Organization- Caribbean Student Organization
Interview by Huong Cao, Staff Writer
Why did you feel interested in being a part of CSA?
My dad is Trinidad-Chinese so I had the opportunity to visit Trinidad three times. I [felt] I belonged and [wanted] to know more about my heritage.
Why did you decide to be the president of CSA?
In my sophomore year at Mason, I went to an event of CSA and loved it. The president back then, Rayben, asked if anyone felt interest in being on the executive board and I said yes. They asked for my resume and next week, I became an intern who provided assistance to other board members. Last April, I said yes again when the board asked if anyone wanted to be the president.
How is CSA doing?
Currently, we have 25 dedicated members who always attend events. Every member is a part of the CSA family. It is like a second home. We even go out with each other.
What is your signature event?
Bacchanal. It is an event where you could enjoy seeing great costume, big parades, fun music. Before Bacchanal, we also have a workshop where everyone gathers and make costumes.
What are the challenges of being a president?
It is definitely time management. I have to figure out how to communicate with everyone and understand everyone as individuals.
Do you have any requirements for someone to get involved with CSA?
You don’t have to be Caribbean to join. We have five or six people who come from American culture. They do not have to have a Caribbean heritage but [can be] interested in Caribbean culture, which is enough!
Photo by Allie Thompson
Student- Hadiyyah Abdul-Jalaal
Interview by Hailey Bullis, Staff Writer
What clubs are you involved in?
I’m involved with the student government, and in that I am the student faculty liaison, but I’m also in club softball and I am a Mason Ambassador
How did you become the student faculty liaison?
So, they had positions open at the beginning of the year, and I had missed one of the positions as I was newly appointed but then he had resigned so then the Speaker of the House was like ‘Oh you wanted to do it, so you can do it.’ So basically, it was just showing interest…
What are your responsibilities?
I have to attend faculty-senate meetings, that’s only once a month but they’re about two hours so that’s not bad and other than that I have to take notes, give it back to the Senate and then and apply anything, like if we have events, and make that all go around.
You are in recreational softball? What do you do?
For that, it’s really fun. Last season we didn’t have a lot of games but the games I did play it was mostly outfield, even though I played shortstop or catcher. It’s really where they needed me since they have a lot of upperclassmen.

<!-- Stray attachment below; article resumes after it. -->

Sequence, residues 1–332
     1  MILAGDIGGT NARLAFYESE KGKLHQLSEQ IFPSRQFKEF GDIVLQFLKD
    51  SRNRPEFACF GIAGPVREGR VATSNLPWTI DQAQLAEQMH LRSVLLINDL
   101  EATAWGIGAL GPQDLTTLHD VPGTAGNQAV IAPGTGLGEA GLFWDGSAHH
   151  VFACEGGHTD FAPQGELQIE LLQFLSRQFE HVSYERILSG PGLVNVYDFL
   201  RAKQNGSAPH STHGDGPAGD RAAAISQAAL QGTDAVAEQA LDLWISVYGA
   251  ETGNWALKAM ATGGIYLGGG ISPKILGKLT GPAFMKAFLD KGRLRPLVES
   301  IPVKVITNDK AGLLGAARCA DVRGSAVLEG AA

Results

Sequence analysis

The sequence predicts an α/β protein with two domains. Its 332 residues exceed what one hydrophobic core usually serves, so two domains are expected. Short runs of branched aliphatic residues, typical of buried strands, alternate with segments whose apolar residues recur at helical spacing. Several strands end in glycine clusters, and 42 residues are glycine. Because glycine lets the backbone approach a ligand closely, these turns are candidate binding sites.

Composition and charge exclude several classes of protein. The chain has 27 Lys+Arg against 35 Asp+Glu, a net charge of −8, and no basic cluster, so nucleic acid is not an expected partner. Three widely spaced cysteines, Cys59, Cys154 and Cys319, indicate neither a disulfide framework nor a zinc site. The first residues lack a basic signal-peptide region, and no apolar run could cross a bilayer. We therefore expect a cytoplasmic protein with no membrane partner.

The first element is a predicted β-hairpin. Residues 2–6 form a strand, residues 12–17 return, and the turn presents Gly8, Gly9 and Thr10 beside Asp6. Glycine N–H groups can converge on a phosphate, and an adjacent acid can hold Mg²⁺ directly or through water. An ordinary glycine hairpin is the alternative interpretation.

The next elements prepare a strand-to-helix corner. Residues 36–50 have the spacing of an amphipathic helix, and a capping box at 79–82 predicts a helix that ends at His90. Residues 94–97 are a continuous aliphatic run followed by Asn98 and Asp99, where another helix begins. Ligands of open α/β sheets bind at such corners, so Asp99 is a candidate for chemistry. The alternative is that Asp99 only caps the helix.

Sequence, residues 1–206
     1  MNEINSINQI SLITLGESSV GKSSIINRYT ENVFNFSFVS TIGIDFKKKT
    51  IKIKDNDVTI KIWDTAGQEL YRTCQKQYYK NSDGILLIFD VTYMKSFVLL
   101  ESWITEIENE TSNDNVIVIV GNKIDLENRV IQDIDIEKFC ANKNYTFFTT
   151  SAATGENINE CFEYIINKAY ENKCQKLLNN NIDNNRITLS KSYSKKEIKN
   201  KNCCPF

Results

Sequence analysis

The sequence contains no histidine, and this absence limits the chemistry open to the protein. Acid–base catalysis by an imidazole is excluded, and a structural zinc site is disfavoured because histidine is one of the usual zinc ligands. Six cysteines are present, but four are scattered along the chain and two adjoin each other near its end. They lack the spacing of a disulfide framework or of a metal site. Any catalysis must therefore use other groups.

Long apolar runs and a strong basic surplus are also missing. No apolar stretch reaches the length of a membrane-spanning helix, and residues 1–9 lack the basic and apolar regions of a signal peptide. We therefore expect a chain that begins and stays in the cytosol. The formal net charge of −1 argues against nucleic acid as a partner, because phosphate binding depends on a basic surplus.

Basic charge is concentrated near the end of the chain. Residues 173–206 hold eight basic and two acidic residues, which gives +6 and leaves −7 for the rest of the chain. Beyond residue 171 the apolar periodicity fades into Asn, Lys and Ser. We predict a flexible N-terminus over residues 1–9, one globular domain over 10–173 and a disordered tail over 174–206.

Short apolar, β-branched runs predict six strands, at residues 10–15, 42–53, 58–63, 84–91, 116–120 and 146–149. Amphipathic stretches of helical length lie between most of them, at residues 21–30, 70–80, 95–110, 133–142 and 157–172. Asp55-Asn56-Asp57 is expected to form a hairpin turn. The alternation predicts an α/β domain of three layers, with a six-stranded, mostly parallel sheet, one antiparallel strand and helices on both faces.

How did you become a Mason Ambassador?
I actually got an email over the summer, right before coming to Mason and they were like, ‘Oh with all your extracurriculars you’ll be perfect to do this!’ and I kind of did something like Mason Ambassadors at my high school and so I was like ‘okay’.
What’s your favorite thing to do out of the three?
That’s a hard one, because they’re all very different. I would say the one that feels like something I’m used to doing would have to be club softball. Just because I’m used to practicing everyday, but we don’t practice everyday so it’s nice just to get out of my routine, even though I do love senate, I do love ambassadors, but after just like hitting balls in the batting cage that’s a real nice steam off from like school and everything.
Photo by Allie Thompson
Alum- Ryan Thorton
What is your most proud achievement?
My proudest achievement while at Mason was co-founding Roosevelt @ Mason, a progressive student policy and group. Roosevelt @ Mason was intended as an opportunity for students to get involved at every level of the policy-making process, from writing to advocating. I remain incredibly proud of the impact the organization has and how much the membership has grown over the last few years.
If you could go back in time to your first day of college and tell yourself one thing, what would it be?
If I could go back to my first day of college, I’d tell myself how important it is to get involved in all of the different activities, clubs, and opportunities that Mason offers. The experiences I had and the people I met through extracurricular involvement led to some of my most treasured memories at Mason and taught me a lot of soft skills that are harder to come by in the classroom.
What advice from a family member has resonated with you the most?
Advice that has resonated the most with me is to not sweat the small things — so much comes up in a day, a week, or a year and it’s always been helpful to think through that framework so that I don’t lose sight of the big picture, even when small things pop up or get in the way.
Photo Courtesy of Ryan Thorton